Where else could this blog start but with the kind of mass protest that first ignited my passion for activism, social change, solidarity, direct action and revolution?
The images coming out from Hong Kong are very familiar. Masses occupying the centre of town, young men and women wearing medical masks to protect themselves from the tear gas standing peacefully, defiantly. And in front of them the most familiar image of all – lines of monolithic riot police, as uniform in appearance as the protesters are varied, as obedient as the demonstrators are defiant, the line between them the physical manifestation of the gap between change and the obstacles to that change.
It’s an image that symbolises power, “the structural capacity of a social actor to impose its will over other social actors” and counter-power, “the capacity of a social actor to resist and challenge power relations that are institutionalised” (Castells 2007)
We’ve seen similar movements play out on our TV screens, on Twitter, YouTube and facebook dozens of times in the last 3 or 4 years – Tunis, Tahrir, Pearl Roundabout, Benghazi, Athens, Madrid, Taksim Square, Santiago, New York, London…
And now Hong Kong. Today protesters are standing up to demand greater democracy, to have a chance to have the full and final say over who leads them, to express themselves, to show the authorities that they will not silently accept the status quo.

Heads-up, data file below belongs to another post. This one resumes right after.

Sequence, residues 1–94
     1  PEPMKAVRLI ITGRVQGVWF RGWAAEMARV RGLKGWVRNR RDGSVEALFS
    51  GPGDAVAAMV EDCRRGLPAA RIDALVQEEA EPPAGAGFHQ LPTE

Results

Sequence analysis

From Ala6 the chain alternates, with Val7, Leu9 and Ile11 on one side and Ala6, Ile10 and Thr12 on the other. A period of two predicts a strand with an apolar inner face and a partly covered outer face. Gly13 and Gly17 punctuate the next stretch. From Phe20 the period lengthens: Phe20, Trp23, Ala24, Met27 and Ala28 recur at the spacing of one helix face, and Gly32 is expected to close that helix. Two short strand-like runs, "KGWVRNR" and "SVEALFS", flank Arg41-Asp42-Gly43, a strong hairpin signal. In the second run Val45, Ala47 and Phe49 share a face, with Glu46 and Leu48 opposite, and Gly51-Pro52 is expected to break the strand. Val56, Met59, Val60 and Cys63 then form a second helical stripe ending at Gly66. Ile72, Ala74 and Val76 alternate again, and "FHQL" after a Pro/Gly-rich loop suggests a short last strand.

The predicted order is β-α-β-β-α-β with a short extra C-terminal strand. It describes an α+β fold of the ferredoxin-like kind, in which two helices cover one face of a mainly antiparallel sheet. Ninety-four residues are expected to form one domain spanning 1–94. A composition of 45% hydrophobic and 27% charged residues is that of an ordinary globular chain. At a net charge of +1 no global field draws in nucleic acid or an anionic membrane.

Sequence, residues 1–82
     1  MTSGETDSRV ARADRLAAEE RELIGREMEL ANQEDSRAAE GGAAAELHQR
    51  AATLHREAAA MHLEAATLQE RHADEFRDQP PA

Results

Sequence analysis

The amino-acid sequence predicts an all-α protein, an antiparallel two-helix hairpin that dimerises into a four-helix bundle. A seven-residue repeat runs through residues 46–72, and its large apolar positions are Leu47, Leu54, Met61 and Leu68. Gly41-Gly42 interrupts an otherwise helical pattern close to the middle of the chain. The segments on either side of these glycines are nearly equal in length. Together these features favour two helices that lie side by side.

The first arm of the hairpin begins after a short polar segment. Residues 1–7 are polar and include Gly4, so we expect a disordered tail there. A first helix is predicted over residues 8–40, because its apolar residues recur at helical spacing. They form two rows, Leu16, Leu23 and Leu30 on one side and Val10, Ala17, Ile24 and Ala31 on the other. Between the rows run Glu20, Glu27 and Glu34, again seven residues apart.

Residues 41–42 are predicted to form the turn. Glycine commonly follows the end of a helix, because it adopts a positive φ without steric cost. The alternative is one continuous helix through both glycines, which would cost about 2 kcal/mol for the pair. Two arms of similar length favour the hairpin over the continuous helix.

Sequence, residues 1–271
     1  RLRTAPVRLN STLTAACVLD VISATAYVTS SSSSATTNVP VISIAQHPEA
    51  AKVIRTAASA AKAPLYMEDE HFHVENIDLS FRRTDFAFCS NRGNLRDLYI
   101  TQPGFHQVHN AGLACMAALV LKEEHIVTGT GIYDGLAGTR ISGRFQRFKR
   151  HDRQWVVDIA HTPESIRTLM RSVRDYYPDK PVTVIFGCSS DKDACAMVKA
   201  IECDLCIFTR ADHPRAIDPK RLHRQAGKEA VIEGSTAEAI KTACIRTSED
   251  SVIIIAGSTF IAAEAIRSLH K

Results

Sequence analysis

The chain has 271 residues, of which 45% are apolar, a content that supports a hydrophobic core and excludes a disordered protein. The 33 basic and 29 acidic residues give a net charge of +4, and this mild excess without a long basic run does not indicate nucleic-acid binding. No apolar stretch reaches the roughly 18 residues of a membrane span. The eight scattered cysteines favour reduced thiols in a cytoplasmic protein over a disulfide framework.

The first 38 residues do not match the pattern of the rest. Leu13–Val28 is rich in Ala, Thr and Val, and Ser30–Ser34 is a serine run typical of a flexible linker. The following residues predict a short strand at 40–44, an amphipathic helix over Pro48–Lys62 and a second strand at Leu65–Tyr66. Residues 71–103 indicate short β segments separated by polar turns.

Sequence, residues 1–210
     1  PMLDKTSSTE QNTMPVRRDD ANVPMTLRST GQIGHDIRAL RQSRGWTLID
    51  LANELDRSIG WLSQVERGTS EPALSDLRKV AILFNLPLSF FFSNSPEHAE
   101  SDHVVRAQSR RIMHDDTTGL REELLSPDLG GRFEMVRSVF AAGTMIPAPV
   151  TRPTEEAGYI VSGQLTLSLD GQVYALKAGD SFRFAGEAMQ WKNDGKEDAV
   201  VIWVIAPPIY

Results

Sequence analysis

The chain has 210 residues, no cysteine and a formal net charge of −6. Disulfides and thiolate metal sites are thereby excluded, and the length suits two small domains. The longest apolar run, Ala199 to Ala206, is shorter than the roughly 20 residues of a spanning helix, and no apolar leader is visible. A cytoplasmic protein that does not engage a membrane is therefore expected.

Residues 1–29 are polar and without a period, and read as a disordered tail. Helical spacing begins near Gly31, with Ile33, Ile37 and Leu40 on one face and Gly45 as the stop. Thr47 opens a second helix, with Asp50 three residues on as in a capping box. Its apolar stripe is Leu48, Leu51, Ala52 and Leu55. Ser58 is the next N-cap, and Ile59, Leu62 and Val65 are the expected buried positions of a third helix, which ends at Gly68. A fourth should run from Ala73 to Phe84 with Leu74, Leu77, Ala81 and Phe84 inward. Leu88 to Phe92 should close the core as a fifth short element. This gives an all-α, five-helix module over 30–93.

In short, they want change.
This campaign is, at its core, about voices being heard. A common slogan in the Hong Protest is “one person, one vote” – a campaign to ensure that every Hong Kong citizen’s voice is heard on an equal level, without Beijing’s interference.
When viewed as a campaign for social change, this slogan is one of many tools used by the protesters to drum up supports for the movement on a local and international level. The movement has many features that has helped its popular appeal – for example the use of a famous Cantonese pop song which has now become the song of the uprising:
This makes it easier for regular citizens to feel a sense of familiarity with the movement. But other familiar icons make it easy for people around the world to identify with the Hong Kong youth. Such as:
Mobile phones – many of us are following events on our smart phones. Seeing them hold theirs aloft shows they’re not really so different to you and I:
Yellow ribbons – in Hong Kong a symbol of universal sufferage and democracy, and around the world it has various symbolic connotations, often relating to struggles (in the UK a pink ribbon is worn to show support for Breast Cancer research).
Familiar popular culture references, in this case to the John Lennon song “Imagine”:
And, perhaps most importantly, the umbrella.
The umbrella has become such an important symbol in Hong Kong that the uprising has been dubbed the Umbrella Revolution.
The umbrella – a commonly used item in Hong Kong to guard against the harsh sun – has been transformed from a prosaic, ordinary item into a revolutionary weapon and symbol. Not only is this an item which everyone across the world understands and can identify with, it’s also a symbol of the struggle between ordinary looking citizens using ordinary items, and a masked police force using dangerous or lethal weapons.